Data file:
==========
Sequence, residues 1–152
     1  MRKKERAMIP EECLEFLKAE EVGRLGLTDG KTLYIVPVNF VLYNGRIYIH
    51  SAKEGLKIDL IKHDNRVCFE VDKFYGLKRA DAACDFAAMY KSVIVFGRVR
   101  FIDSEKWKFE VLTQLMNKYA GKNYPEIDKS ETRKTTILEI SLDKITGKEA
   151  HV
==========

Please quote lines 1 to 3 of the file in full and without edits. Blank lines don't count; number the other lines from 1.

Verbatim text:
Sequence, residues 1–152
     1  MRKKERAMIP EECLEFLKAE EVGRLGLTDG KTLYIVPVNF VLYNGRIYIH
    51  SAKEGLKIDL IKHDNRVCFE VDKFYGLKRA DAACDFAAMY KSVIVFGRVR